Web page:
Legal Blog

Best Practice: Employers Should Implement New Policies and Forms During COVID-19 Reopening

Coronavirus Covid-19 pandemic outbreak business impact background concept. Mockup mobile phone with computer keyboard, business charts, facemask on working table for covid 19 business financial risk.Businesses have been operating under the unprecedented conditions resulting from COVID-19 for the last ten weeks.  Now, businesses have the added challenge of charting their course through reopening and sifting through new federal laws, state and local executive orders, CDC and OSHA guidance, landlord requirements, and the added threat of legal risk.  The only certainty in this challenging process is that it will be uncertain.

Despite this uncertainty, there are steps that every employer can take to provide not only structure for the gradual reopening process but to reduce risk.  Although businesses will need to customize and adapt procedures and policies to their specific workplace and location, all employers should consider implementing the following:

  1. COVID-19 specific Employment Policies. Employers will likely need to modify existing employment policies, provide temporary changes to existing policies, and adopt new policies to best fit operations in the time of COVID-19.  This functions as an extension of the employee handbook specifically in response to COVID-19.  Most importantly, this document should include instructions as to the steps employees should take in response to the different risks of contracting COVID-19.  For example, the policy should explain what employees should do, who they should contact, and how access will be restricted when an employee tests positive for COVID-19, has symptoms, comes into close contact with someone who has tested positive, etc.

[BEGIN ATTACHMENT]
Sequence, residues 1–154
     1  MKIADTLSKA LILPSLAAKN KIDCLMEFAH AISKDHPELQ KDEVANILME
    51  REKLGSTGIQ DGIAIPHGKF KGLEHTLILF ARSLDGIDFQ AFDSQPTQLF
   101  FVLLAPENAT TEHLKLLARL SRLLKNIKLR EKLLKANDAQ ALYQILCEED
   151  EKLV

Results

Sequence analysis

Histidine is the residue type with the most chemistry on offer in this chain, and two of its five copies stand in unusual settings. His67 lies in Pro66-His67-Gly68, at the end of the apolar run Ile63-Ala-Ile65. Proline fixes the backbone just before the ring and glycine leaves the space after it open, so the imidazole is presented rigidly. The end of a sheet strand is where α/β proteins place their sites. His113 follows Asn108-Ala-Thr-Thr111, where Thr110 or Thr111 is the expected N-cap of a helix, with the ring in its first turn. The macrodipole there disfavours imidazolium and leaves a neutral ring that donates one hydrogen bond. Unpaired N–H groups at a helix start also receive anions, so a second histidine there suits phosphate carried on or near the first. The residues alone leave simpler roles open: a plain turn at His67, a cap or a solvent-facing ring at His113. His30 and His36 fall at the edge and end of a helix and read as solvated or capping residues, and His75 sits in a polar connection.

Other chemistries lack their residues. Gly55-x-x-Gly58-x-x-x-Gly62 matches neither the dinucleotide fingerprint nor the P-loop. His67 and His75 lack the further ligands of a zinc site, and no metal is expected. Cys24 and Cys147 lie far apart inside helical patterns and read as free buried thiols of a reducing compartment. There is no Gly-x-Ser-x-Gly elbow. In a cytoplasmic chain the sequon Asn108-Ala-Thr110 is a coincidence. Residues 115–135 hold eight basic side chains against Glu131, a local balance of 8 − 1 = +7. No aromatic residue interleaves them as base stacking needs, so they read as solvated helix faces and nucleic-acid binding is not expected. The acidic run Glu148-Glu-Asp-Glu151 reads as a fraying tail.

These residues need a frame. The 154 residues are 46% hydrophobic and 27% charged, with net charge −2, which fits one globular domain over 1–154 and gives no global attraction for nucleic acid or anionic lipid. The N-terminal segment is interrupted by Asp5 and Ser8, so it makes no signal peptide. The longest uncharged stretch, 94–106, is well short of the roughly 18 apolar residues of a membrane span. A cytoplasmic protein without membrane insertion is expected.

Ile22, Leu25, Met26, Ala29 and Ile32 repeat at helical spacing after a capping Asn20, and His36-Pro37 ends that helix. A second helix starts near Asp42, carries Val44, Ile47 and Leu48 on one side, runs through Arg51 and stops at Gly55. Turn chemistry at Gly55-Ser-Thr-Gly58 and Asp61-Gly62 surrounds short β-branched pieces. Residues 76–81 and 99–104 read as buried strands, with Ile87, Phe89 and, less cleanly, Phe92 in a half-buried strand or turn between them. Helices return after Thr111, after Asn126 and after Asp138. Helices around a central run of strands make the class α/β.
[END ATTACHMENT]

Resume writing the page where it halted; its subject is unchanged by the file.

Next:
2. Operating Policies. This is perhaps the most important document for employers since it is critical that employers adopt rules and guidelines for their workplaces that are compliant with the law, provide for the safety of employees, and permit the business to take steps towards more robust operations.  This can be combined with the Employment Policies in one document that employees should receive and acknowledge.
  3. Remote Work Policy. If employees are working remotely, employers should have a policy in place that addresses both the employment and technical aspects of remote work.  This policy should also make clear that, at least in part, it is specific to the current crisis.  For example, eligibility to remote work may be specific to a current phase of a reopening plan.
  4. Employee Access Questionnaire. Employers should take reasonable steps to guard against the risk that employees with COVID-19 are entering the physical workplace.  While some employers may elect to scan temperatures upon entry, at a minimum, employers should require employees to answer screening questions every day that they come to the workplace that can be used to limit access.  Employers should also implement procedures for securing these documents.